If you’ve never thought about how much design work goes into even the tiniest parts of a UI, then you can now play a game which will enlighten you on the subject.
The game is called “Can’t Unsee” and it challenges the player to choose between two different pictures of the same design element. One is the “correct,” or more aesthetically pleasing option, while the other is off in some way.
It’s basically a spot-the-difference puzzle, only the minute changes aren’t “things out of place,” but the difference between good and bad UI design. And get ready to squint, because some of these differences are insanely difficult to pinpoint. You have to examine every element on the screen, even that which you’d never focus on, very carefully.
The game is divided into “Easy,” “Medium,” and “Hard” sections, though a few of the “easy” ones are way harder than they have any right to be, and a few of the rare obvious differences made it into the “hard” section.
After you’ve made your choice, the two cards are laid, one over the other, and you can click the compare button to rapidly flip between both of them. It really isn’t until you see them in succession like this that the often-tiny differences become apparent. Of course, like the title says, once you see them, you absolutely can’t unsee them.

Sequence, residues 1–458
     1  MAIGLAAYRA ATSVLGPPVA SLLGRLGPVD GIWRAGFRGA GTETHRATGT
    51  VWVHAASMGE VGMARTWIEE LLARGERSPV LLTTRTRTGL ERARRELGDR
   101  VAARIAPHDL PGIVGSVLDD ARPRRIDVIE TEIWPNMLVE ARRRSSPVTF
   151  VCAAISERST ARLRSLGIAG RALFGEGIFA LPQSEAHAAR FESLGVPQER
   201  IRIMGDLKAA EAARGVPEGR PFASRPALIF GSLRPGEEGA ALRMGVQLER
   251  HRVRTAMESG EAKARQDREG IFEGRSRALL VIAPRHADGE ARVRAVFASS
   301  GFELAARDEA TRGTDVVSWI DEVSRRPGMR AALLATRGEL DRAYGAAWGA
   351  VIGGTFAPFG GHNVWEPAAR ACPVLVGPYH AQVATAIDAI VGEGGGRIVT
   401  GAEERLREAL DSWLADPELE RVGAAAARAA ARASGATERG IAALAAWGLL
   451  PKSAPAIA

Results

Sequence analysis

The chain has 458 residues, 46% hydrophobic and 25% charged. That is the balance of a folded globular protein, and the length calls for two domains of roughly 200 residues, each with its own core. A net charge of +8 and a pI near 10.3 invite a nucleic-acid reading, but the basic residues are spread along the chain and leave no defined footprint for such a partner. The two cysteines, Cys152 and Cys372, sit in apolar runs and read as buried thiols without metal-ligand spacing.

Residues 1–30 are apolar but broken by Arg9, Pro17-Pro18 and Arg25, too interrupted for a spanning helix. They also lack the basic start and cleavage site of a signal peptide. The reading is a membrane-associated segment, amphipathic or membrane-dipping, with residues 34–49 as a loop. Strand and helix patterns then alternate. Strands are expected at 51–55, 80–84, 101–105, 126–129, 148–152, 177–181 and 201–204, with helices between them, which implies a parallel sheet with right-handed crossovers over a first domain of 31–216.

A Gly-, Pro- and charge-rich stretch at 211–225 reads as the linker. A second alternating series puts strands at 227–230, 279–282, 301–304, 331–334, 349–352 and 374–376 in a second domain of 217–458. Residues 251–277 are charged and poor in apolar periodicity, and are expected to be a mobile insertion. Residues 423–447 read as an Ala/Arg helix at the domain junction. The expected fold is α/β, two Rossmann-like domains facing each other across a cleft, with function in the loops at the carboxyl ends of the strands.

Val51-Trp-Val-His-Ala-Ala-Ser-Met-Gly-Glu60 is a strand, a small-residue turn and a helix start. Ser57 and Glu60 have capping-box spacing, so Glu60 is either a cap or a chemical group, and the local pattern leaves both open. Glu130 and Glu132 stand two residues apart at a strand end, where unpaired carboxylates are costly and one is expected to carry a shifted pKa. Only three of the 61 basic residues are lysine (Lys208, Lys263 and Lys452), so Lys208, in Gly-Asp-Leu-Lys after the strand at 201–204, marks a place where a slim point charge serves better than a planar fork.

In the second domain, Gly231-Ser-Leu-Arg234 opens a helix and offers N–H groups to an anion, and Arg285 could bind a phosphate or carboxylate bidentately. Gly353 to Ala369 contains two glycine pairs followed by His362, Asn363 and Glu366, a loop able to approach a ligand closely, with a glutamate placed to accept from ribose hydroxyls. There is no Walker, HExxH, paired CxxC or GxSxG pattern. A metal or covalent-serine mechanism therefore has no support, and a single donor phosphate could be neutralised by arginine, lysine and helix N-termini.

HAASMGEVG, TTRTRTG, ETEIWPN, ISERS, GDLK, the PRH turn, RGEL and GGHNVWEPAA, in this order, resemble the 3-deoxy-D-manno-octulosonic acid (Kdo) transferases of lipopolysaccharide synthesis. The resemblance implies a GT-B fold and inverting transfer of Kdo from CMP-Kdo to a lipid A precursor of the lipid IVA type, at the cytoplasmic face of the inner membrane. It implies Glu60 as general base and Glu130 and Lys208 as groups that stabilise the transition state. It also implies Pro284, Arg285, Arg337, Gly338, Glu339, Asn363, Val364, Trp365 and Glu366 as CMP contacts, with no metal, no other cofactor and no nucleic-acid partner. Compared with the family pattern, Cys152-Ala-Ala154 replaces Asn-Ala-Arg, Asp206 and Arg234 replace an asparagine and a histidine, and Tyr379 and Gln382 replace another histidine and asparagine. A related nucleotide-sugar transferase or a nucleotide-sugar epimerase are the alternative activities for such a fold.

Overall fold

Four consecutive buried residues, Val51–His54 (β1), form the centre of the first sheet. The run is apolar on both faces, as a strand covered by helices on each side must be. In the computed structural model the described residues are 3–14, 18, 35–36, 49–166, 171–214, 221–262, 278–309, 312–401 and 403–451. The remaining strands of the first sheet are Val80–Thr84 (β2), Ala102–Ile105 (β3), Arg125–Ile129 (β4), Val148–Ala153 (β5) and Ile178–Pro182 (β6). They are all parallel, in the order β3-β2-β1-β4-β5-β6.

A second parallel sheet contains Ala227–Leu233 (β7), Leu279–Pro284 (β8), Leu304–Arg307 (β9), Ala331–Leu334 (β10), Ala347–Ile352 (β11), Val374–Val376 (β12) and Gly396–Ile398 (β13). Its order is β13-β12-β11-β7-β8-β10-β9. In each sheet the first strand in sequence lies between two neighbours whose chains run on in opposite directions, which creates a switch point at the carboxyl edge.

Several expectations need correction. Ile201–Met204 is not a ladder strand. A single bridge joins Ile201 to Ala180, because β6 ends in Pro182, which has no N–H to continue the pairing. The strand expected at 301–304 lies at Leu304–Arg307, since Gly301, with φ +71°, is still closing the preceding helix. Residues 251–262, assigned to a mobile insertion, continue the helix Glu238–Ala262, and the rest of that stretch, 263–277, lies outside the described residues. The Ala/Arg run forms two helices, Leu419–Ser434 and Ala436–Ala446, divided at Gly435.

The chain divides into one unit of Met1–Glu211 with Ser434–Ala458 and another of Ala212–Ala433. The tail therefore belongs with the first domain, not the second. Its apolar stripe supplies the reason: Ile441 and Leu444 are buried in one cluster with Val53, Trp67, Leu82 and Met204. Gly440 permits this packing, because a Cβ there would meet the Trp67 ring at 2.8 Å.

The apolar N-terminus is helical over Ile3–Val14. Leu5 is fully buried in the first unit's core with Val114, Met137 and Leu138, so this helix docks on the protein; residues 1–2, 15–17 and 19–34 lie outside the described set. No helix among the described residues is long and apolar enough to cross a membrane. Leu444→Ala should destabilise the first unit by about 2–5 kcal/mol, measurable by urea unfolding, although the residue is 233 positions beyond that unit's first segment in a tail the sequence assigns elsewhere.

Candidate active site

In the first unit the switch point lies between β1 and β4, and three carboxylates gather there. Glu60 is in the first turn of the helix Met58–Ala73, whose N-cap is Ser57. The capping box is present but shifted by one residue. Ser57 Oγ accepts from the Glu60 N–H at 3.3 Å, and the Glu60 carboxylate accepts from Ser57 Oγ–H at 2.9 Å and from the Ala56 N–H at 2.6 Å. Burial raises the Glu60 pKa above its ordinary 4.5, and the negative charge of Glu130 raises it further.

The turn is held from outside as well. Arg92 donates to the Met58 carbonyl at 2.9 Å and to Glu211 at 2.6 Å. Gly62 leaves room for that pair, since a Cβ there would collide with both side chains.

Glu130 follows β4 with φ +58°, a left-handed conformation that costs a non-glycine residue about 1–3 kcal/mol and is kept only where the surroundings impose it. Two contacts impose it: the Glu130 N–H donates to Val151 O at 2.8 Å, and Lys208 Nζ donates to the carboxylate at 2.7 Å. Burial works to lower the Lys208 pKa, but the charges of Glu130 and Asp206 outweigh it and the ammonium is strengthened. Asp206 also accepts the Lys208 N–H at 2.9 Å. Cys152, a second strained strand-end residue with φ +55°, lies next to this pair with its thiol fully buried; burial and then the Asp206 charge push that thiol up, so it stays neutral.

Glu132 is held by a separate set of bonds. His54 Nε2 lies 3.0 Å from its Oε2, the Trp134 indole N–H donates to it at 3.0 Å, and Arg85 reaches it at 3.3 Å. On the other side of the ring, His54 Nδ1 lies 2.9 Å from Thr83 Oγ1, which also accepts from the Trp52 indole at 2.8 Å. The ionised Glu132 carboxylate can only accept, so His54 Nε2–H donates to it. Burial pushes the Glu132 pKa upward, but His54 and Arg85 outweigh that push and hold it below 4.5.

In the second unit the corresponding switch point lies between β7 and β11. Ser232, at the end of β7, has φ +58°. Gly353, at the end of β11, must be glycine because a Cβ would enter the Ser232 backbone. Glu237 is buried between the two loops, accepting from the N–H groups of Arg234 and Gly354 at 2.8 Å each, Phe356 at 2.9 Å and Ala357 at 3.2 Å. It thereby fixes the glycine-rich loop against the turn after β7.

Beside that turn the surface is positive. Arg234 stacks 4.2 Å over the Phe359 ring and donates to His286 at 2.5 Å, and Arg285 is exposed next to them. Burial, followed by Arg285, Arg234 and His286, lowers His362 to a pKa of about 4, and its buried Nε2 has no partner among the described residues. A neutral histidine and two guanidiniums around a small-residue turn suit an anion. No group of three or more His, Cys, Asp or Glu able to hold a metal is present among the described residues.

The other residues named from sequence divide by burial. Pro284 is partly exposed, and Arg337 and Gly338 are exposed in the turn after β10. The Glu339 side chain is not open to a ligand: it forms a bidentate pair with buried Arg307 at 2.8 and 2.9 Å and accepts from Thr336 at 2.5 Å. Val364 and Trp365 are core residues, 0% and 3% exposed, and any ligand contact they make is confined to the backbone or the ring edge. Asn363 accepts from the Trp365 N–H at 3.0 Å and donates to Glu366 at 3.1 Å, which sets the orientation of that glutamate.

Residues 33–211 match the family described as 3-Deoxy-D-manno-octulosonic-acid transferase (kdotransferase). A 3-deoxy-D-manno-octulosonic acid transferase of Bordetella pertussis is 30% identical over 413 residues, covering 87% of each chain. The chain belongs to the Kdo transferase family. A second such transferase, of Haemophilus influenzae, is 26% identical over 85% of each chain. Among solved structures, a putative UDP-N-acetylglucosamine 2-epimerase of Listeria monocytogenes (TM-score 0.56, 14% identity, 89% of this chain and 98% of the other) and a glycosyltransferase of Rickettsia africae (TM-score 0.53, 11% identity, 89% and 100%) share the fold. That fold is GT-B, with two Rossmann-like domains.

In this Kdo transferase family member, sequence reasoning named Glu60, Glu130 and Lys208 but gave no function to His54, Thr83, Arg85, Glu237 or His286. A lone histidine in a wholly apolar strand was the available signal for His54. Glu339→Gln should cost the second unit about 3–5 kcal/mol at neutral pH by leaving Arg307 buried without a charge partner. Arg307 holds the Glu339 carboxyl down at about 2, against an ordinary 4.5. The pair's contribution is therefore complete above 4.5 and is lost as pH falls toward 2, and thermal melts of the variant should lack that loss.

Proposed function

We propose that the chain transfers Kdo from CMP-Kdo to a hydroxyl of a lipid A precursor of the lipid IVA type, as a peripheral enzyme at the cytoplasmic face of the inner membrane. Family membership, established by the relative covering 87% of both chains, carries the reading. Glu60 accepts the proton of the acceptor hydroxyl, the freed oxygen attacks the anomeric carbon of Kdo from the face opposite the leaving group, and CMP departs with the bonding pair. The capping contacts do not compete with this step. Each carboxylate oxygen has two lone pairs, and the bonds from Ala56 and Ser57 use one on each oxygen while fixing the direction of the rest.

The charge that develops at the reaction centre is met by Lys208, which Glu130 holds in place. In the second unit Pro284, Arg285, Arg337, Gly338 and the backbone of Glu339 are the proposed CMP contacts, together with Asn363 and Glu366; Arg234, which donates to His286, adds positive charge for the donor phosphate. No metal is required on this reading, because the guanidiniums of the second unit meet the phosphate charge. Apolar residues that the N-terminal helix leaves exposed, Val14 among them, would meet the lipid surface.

I opened up the game after my editor showed it to me (and maybe tacitly fired up my competitive nature by implying it was hard) and, a couple of questions in, made the mistake of muttering to myself, “Nah, this isn’t so hard.”
Thirty seconds later, my strained eyes were cursing me.
The game was conceived by Alex Kotliarskyi, while the designs come from Amanda Hum. According to Twitter and LinkedIn, both currently work for Facebook as a software engineer and product designer, respectively. That might explain why several of the design choices look like they’re based around social media posts.
Some players on Twitter have protested that some of the design choices are a matter of convention or preference, rather than actual rules of design. In particular, this choice about a skip button color seems to be a bit controversial:
I don’t know if I agree with this. Sure, one default style, but not at the cost of being sneaky and make the skip button semi-hidden. pic.twitter.com/EL4SAo3Wu6
— Jesper Wallin (@empatogen) February 5, 2019
So don’t feel bad if you pick one as a matter of preference and it ends up being “wrong.” If nothing else, this game does bring attention to just how much work goes into the tiniest details, the ones that most visitors would never pay attention to.
You can check the game out here. Let me know how you score.